2023: The year that startups started to grow up

2023: The year that startups started to grow up
  • VC funding reduced by 73% in 2023, pushing startups towards sustainability.
  • Unicorns like Byju’s, Swiggy and Ola saw valuation markdowns, few others shut shop.
  • Founders shifted focus to profitability and 18% of them said they’re profitable in a survey.
  • Half of India’s 100 unicorns could turn profitable by FY27, predicts Redseer.

The year of 2023 was tough for many startups which had to survive without the VC funding bottle. A few like Frontrow, CarDekho shuttered down, while the fate of others like Dunzo hangs in balance. But most others also learnt their lessons, changing tracks to profitability from growth — proving that startups are agile and maturing.

Only $7 billion was raised by startups in 2023 – barely a quarter of 2022’s funding.

While the public markets remained vibrant, they were unrewarding to ‘profitless growth’. So, PharmEasy and Udaan had to delay IPO plans, to raise private capital.

VCs too changed track from betting on fast-growing startups to those that live up to their value. So, only two startups turned unicorns in 2023 – Incred Finance and Zepto. Also, a few large unicorns like Swiggy, Ola and Byju’s had to swallow the bitter pill of valuation markdowns.

“Startups were valued differently when there was excess liquidity in the market. Earlier the metrics used were month-on-month growth etc. Now they are using metrics like operating margin, revenue, profitability,” Anas Rahman Junaid, managing director of Hurun India told Business Insider India.


Breakeven not burn

Most founders have moved to fix their problems. As many as 18% of founders in an Elevation Capital survey said they are already profitable. An additional 58% said that they’re aspiring to achieve it in the near to medium term.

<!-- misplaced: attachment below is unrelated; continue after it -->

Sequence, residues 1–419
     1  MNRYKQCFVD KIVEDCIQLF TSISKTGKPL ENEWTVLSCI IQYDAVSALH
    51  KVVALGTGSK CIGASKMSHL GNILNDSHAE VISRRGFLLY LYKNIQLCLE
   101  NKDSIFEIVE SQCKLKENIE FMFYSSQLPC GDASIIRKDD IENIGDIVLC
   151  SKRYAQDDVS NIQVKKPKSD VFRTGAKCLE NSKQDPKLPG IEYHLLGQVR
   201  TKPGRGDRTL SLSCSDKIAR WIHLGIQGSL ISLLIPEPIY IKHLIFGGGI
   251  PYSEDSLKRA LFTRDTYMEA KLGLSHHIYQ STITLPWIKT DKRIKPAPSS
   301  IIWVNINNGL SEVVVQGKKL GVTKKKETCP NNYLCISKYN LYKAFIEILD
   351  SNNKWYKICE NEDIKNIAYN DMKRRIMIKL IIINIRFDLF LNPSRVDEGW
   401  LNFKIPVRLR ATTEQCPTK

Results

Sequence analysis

“Founders are emerging more resilient and wiser from these challenges, reinforcing positive shifts across funding, talent acquisition, profitability and liquidity events,” said Mridul Arora, partner at Elevation Capital.

A few that raised large funds this year like Udaan went in for immediate job cuts. It indicates that the process of belt tightening will go on, even as over 20,000 startup jobs were cut this year. Moreover, 38% of founders in the survey also said that they cut marketing costs and 20% of them also significantly reduced engineering and product development expenditures.

As many as 45% of consumer sector founders are focused on managing burn, the survey says. Also, 55% of B2B & SaaS founders are attempting to handle longer and more challenging sales cycles. The motto of ‘growth at all costs’ is fast vanishing from the startup system, say experts.

Public markets will open

The year of 2023 was a ‘do or die’ year for startups. As per Redseer, half of India’s 100 or so unicorns face bleak future like a shutdown, acquisition or pivot to new models. But half of them could turn profitable by FY27, it predicts.

Moreover, at least 30% of India’s unicorns will go for an IPO in the coming fiscal year of FY25. These 30 unicorns which cut across sectors like SaaS, B2C product companies, fintechs, media and entertainment and others — have sizable revenues of over ₹500 crore. It also says that India could have 40 listed or IPO-ready new-age companies, which can grow to 90 by FY28.

That’s a good exit option for VCs and PEs which have taken valuation cuts of their investee companies. “There’s a large headroom for value creation in the tech space. The scenario looks similar to what was seen during the US tech bubble as tech IPOs grew by three times as much, in the years post the dot-com bubble,” says Rohan Agarwal, partner at Redseer.

Before that, however, unicorns and other startups will have to pass the profitability test. “The question that has to be asked now is not when to go for an IPO but why go for an IPO? A sustainable company that survives on its own. They need sustainable business models like path to profitability, predictability of revenues, profits, new areas they are venturing into,” Amarjeet Singh Makhija, partner at PwC.

The new year will be a litmus test for startups- time will tell how many will emerge successful, and how many will quit the game.